Before Trump became the Republican nominee, BuzzFeed and the Republican National Committee had struck a $1.3-million deal to run ads in the fall before the general election. But then came Trump, and it looks like his racist comments of the last week were the last straws. According to Politico:
“We don’t run cigarette ads because they are hazardous to our health,” Peretti wrote, “and we won’t accept Trump ads for the exact same reason
I suppose no news was good news on April 18, 1930. At 6:30pm during the regularly scheduled news bulletin slot, the BBC News announcer turned on the mic and said:
For such a new technology, the news notification is a format that got really safe really quickly. For most publishers, notifications are rarely more complex than a headline that, when tapped, sends readers to their site. Some publishers, like Quartz and BuzzFeed, have experimented with the language within notifications, trading the stiff formality of newspaper headlines for a more loose, conversational tone. But notifications, and their role, have remained largely unchanged.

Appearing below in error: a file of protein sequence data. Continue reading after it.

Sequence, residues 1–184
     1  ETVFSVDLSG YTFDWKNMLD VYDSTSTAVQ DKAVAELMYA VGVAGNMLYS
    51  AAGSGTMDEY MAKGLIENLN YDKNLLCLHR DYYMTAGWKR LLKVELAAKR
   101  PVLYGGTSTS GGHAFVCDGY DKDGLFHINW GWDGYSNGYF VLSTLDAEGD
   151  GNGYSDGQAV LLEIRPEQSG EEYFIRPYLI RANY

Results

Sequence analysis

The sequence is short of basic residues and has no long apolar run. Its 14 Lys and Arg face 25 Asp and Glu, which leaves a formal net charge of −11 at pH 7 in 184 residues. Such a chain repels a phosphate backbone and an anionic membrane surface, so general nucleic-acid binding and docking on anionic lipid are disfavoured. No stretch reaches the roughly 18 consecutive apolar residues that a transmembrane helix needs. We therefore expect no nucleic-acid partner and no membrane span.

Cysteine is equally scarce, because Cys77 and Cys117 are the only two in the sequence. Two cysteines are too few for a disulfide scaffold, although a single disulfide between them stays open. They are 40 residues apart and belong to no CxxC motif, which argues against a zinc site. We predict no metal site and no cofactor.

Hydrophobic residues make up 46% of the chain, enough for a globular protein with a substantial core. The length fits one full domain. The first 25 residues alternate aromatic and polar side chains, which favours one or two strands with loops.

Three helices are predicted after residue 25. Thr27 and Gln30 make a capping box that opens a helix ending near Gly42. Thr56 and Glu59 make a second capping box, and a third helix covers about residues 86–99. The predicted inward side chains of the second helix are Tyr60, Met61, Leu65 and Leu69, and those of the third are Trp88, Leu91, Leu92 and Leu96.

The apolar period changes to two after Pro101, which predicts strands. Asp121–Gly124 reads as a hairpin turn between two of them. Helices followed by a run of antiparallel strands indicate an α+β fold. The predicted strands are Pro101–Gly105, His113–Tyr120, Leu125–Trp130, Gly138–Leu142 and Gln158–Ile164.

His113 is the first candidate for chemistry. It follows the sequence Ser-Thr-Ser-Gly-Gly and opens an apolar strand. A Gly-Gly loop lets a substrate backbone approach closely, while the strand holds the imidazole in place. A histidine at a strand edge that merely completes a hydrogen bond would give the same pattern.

Whether it’s unlikely refugee stories, improbable free gas station concerts, orZika epidemic conspiracies, fake news on Facebook is nothing new. Spurious sources abound, preying on political biases, shock value, and straight-up, too-good-to-be-true temptation.
There are now more Americans working for online publishers and broadcasters than for newspapers, according to data from the U.S. Bureau of Labor Statistics. Employment at online outlets first eclipsed newspapers in October 2015.
At Newsgeist Europe this past weekend, a few dozen journalists, executives, technologists, and media thinkers assembled once again to dish on the future of news. The mostly secret, mostly male, event played a significant part in the development of Google’s AMP last year. The latest event, held in Bilbao, Spain, generated some good conversation and observations from the small group of attendees. Here are a few of their tweets.